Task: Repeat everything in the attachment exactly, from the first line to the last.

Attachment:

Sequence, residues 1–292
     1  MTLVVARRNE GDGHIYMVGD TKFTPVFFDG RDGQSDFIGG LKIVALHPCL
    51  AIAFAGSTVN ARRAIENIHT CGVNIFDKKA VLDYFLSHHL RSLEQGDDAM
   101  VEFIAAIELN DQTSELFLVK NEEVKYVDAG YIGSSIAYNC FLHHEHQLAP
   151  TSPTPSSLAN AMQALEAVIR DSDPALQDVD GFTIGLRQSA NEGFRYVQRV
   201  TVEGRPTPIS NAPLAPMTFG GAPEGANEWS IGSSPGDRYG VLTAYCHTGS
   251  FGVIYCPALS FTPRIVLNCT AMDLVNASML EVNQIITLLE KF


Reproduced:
Sequence, residues 1–292
     1  MTLVVARRNE GDGHIYMVGD TKFTPVFFDG RDGQSDFIGG LKIVALHPCL
    51  AIAFAGSTVN ARRAIENIHT CGVNIFDKKA VLDYFLSHHL RSLEQGDDAM
   101  VEFIAAIELN DQTSELFLVK NEEVKYVDAG YIGSSIAYNC FLHHEHQLAP
   151  TSPTPSSLAN AMQALEAVIR DSDPALQDVD GFTIGLRQSA NEGFRYVQRV
   201  TVEGRPTPIS NAPLAPMTFG GAPEGANEWS IGSSPGDRYG VLTAYCHTGS
   251  FGVIYCPALS FTPRIVLNCT AMDLVNASML EVNQIITLLE KF